How Computer Design Effects Melbourne Sheet Metal Fabrication in 2018
In 1957, Patrick J. Hanratty, a computer scientist and “father of computer-aided design (CAD) and manufacturing (CAM)”, developed PRONTO, which was the first commercial numerical-control programming system.
In 1960, Ivan Sutherland, a computer scientist and “father of computer graphics”, created SKETCHPAD, which demonstrated the basic principles and feasibility of computer technical drawing, at the Massachusetts Institute of Technology Lincoln Laboratory in Cambridge, Massachusetts.
PRONTO, SKETCHPAD, And Synthavision
The first CAD systems, like PRONTO and SKETCHPAD, served as technical replacements of drawing boards. While continuing to use two-dimensional ideas, designers created technical drawings that consisted from 2D wireframe primitives like a line, arc, B-spline, and so on.
Productivity of design increased, but the original computer softwares cost companies money in lost time. While modifications and revisions were easier, manual design engineers had to learn how to use computers and the design and manufacturing software.
Eventually, computer-aided design software became more affordable and easier to use, growing in functionality and user-friendliness. Soon, midsize trade companies around the United States had access to this new software.
However, as construction and sheet metal projects became more complex, 2D renderings weren’t enough anymore. Design engineers began to think in three-dimensional ideas, and, in the mid-1960s, 3D wireframe features were developed — a revolution that would change the way fabrication shops work to this day.
It began in 1969 when the former Mathematical Applications Group, Inc. in Elmsford, New York, released Synthavision, the first commercially available solid modeling program. Solid modeling enhanced the 3D capabilities of computer-aided design software. This technique was most famously first used to produce computer-generated imagery for the 1982 motion picture Tron.
NURBS, T-FLEX, And Pro/ENGINEER
The next big leap forward in this technique was the non-uniform rational basis spline (NURBS), a mathematical model that’s commonly used in computer graphics to represent curves, surfaces, and other freeform shapes. NURBS first appeared in 1989 on workstations for Silicon Graphics, a former high-performance computing manufacturer in Milpitas, California.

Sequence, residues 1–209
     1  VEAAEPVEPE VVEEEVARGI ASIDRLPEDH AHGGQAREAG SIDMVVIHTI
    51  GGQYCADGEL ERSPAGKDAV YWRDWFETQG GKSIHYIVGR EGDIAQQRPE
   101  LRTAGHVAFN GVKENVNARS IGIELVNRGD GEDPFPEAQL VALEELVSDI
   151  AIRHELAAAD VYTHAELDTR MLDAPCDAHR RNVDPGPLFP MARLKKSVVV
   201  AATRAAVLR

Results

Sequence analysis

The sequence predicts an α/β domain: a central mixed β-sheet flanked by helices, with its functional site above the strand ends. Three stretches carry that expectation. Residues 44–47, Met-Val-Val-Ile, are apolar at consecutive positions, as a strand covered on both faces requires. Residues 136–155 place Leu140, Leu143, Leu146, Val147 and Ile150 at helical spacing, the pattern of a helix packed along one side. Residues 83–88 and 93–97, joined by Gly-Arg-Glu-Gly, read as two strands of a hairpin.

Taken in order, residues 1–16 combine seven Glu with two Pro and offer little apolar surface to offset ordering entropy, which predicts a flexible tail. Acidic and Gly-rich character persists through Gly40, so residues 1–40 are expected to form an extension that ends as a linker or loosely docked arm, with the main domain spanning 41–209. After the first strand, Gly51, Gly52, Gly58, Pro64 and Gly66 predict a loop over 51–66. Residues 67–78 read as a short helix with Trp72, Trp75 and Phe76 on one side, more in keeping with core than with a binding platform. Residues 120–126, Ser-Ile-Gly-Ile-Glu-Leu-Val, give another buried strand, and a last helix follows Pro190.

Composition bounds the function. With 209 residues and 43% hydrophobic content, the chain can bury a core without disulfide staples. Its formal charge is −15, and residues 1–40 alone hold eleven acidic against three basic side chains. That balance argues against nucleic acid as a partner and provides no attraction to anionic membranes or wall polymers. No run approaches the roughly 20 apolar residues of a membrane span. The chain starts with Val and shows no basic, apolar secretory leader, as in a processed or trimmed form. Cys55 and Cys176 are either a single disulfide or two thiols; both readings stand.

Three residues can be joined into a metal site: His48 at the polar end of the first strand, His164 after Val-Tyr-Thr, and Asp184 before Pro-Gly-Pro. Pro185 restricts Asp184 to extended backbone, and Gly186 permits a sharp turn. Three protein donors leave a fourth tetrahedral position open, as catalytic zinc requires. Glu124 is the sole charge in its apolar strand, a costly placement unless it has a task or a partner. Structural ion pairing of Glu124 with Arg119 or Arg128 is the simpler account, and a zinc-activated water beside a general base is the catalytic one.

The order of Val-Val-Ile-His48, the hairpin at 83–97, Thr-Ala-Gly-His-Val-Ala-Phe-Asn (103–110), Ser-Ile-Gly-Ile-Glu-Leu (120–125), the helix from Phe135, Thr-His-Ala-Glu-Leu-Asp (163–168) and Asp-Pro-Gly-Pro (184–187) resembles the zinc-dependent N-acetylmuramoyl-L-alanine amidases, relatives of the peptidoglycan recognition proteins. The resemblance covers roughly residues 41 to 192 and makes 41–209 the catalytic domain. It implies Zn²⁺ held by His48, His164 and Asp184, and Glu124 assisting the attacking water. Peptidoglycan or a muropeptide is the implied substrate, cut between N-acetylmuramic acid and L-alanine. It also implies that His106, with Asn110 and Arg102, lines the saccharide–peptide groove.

For fab shops, it opened a world of possibility to create curved metal parts for more complicated and custom sheet metal projects.
Also in 1989, T-FLEX, a “Parasolid-based parametric CAD software application for 3D solid modeling and 2D design and drafting”, and Pro/ENGINEER, “a 3D CAD, CAM, [computer-aided engineering], and associative solid modeling app”, introduced CADs based on parametric engines.
According to Marian Bozdoc’s History of CADD and CAM, parametric modeling is when the model is defined by parameters. A change of dimension values in one place also changes other dimensions to preserve relation of all elements in the design.
This innovation meant that design engineers could give the computer a set of parameters and didn’t have to control when the process ended, which sped up the design and draft process.
(In 1993, CAS Berlin took NURBS a step further and developed an interactive NURBS modeler for personal computers called NöRBS. Now, people could be a part of the 3D modeling revolution from the comfort of their home.)
The Future Of CAD
Since then, 3D modeling has become the norm in sheet metal fabrication shops around the world. Unlike 2D modeling, “3D CAD models of sheet metal products consists a wealth of information that can be leveraged across the entire product development process,” according to Metalworking World Magazine.